The best time to begin this editing and digitizing project is ten years ago. The second-best time is today.

I decided I did not want to wait until I was gone to share the images, especially the older family photo files. I use a Dropbox folder for family photos that all of my close relatives can access. These are sorted not only by family but also by decade. For example, there is a “1950s” folder, a “1960s” folder, and so forth. Presumably, a family member will download their favorites and be able to share them with their descendants.

Travel photographs, fine art, and commercial can be more challenging and open up more questions. I sold my first photography business in 1996. At that time, I sorted all my negatives, transparencies, and prints into either commercial or personal categories. I brought the personal photographs home and anything the new owners might be able to use went with the business. I still use that same type of sorting. Photographs for clients will likely be of little interest to anyone else after a few years and could be systematically discarded over time, or at least separated onto a dedicated drive that would not be considered necessary for long-term use.

Like financial investing, diversifying assets seems to be the key. If all of my life’s work is on one hard drive or even one cloud storage service, I would not have very restful sleep. I buy a new portable hard drive every year or two and copy all of my image files to the new drive, putting the old drive in a fireproof safe, labeled of course. I then back up the best images to the cloud, using two different services. Additionally, I never delete any pictures from the SD camera disk. When the disk starts to get full, or if I am starting a new project or trip, I buy new memory cards and put the old ones in carefully labeled envelopes in a file cabinet or the fireproof safe.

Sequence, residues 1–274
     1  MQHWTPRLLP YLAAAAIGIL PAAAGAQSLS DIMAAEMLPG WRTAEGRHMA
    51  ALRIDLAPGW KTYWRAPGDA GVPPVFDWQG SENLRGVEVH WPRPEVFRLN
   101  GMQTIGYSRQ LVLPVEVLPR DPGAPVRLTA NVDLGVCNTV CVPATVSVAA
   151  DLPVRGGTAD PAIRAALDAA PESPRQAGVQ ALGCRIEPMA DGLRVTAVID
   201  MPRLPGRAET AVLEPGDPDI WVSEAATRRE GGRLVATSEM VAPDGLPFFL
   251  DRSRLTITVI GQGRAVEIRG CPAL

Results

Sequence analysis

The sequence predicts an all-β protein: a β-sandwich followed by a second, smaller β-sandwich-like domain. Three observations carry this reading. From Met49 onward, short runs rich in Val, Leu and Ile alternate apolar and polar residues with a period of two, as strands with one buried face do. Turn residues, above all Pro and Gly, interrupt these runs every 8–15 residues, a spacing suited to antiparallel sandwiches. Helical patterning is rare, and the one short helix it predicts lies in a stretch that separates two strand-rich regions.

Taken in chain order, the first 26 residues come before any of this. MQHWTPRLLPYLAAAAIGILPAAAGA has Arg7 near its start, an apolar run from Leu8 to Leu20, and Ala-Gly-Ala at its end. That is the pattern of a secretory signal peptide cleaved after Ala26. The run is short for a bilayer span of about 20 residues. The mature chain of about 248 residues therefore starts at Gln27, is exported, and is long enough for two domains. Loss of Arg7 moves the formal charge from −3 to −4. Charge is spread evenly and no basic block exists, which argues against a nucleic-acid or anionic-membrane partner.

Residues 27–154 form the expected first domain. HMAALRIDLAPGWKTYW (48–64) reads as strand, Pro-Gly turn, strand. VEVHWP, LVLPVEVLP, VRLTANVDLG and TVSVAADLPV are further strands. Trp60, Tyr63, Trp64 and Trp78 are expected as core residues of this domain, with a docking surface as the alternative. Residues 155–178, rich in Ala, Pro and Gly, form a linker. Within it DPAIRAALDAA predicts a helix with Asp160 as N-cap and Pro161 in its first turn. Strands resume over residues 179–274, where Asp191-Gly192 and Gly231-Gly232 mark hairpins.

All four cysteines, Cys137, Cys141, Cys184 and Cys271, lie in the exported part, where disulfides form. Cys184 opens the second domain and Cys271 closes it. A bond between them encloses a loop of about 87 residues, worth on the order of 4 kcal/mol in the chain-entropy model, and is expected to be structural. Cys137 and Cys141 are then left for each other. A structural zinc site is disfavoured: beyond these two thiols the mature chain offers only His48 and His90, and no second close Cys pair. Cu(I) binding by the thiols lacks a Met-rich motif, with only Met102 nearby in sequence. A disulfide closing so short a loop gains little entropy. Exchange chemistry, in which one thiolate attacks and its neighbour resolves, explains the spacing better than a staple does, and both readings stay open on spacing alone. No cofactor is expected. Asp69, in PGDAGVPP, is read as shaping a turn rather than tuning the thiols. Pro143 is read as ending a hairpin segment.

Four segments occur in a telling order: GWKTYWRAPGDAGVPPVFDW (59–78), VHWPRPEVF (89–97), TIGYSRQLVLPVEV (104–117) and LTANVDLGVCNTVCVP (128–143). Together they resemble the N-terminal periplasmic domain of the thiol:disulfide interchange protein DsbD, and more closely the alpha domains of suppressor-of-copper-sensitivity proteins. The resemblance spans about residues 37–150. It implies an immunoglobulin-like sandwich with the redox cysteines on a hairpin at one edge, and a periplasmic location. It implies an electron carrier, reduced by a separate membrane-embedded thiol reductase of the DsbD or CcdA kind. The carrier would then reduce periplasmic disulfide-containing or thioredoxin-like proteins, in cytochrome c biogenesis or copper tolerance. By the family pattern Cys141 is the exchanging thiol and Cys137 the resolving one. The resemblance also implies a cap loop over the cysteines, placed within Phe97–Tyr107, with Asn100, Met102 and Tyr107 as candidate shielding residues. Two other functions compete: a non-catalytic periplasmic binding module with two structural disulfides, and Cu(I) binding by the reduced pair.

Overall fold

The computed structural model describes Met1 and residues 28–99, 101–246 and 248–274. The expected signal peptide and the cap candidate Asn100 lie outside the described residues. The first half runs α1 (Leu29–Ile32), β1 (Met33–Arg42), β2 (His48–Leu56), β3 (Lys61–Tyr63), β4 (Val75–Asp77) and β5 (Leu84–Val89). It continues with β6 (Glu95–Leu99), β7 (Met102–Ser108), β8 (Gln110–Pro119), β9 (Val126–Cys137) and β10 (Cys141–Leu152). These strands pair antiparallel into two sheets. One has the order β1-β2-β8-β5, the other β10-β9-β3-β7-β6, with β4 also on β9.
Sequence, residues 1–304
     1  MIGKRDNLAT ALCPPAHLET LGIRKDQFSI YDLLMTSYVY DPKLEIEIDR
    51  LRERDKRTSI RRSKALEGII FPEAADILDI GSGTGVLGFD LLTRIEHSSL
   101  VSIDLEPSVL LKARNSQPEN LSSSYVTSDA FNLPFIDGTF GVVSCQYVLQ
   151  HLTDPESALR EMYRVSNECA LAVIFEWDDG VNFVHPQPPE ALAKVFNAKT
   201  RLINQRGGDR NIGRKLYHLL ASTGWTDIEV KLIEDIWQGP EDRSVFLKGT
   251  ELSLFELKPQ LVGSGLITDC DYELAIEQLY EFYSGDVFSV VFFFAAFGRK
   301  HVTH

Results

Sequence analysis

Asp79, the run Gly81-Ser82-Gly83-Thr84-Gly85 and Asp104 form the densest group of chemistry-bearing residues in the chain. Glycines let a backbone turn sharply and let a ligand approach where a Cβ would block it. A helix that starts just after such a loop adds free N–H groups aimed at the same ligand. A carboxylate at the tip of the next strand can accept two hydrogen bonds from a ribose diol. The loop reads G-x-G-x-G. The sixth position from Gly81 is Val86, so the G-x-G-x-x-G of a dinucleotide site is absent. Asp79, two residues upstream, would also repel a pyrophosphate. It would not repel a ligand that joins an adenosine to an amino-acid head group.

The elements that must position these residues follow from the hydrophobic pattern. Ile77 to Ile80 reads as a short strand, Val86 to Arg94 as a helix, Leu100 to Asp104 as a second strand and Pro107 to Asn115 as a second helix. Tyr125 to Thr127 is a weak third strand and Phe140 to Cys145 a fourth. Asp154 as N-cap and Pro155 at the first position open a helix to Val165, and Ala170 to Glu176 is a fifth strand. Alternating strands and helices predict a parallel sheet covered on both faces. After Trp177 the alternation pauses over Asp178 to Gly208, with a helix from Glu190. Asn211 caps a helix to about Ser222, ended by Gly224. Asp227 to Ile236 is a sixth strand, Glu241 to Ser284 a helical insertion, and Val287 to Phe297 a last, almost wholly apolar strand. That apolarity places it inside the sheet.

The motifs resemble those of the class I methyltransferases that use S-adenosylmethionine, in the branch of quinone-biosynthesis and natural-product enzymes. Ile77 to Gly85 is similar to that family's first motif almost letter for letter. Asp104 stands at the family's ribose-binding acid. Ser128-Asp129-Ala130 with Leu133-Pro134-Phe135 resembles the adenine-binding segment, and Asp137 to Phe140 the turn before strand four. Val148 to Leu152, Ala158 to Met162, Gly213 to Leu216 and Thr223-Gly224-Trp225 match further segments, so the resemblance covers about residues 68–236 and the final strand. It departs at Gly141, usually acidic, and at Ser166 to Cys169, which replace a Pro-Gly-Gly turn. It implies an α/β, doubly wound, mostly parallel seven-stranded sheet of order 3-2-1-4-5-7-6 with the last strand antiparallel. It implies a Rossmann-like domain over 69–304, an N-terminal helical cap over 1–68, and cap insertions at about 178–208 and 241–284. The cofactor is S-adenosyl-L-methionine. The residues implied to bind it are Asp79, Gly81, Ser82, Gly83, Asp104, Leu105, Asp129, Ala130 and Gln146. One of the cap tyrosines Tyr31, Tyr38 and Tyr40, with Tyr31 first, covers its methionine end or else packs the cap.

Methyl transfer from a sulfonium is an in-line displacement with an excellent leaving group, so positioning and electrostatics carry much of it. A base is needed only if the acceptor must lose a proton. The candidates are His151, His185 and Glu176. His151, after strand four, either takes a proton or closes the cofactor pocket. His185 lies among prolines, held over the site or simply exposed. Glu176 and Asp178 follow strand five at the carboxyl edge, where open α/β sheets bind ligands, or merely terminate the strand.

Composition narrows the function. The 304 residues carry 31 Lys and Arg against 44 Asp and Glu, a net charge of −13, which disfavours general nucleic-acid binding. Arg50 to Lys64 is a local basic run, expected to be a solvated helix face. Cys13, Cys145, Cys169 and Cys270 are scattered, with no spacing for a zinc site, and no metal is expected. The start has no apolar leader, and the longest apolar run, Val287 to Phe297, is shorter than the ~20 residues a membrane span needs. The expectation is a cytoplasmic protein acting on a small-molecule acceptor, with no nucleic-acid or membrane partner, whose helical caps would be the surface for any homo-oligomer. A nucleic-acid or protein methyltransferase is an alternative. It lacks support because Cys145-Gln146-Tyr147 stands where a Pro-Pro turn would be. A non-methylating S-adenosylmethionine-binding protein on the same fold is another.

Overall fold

Probably the single most important thing I do to assure my photographic legacy is to print photo books. Every road trip or vacation is not complete until the few thousand photographs we make are edited to the best, usually less than a hundred, and then printed in a high-quality photobook by one of the many printing services available. I am currently using ZNO, but my criteria is always, who does the best work? I am always on the lookout for the best quality printers.

Additionally, we make a “Yearbook” every year. Each January we compile a book of the best photos that highlight the events of the previous year. We now have over a dozen yearbooks. The travel photo books, yearbooks, and art project books look very impressive sitting on a shelf, and I am confident that in the future any heir, executor, or appropriate person would find them worthwhile and worthy of preservation by people who were important to our lives.

My will includes a paragraph that asks that a guardian or manager be designated to manage and oversee my collection of photographs. This doesn’t mean that all of the photos be saved, but rather that the designated manager would be able to edit or use them in the best way possible at their discretion.

No matter the number or the overall quality of our photographs, we need to think about what will happen to them after we are gone — to make some sort of appropriate plans that will bring joy and not be a burden to the friends and family we leave behind.

Image credits: Header photo from Depositphotos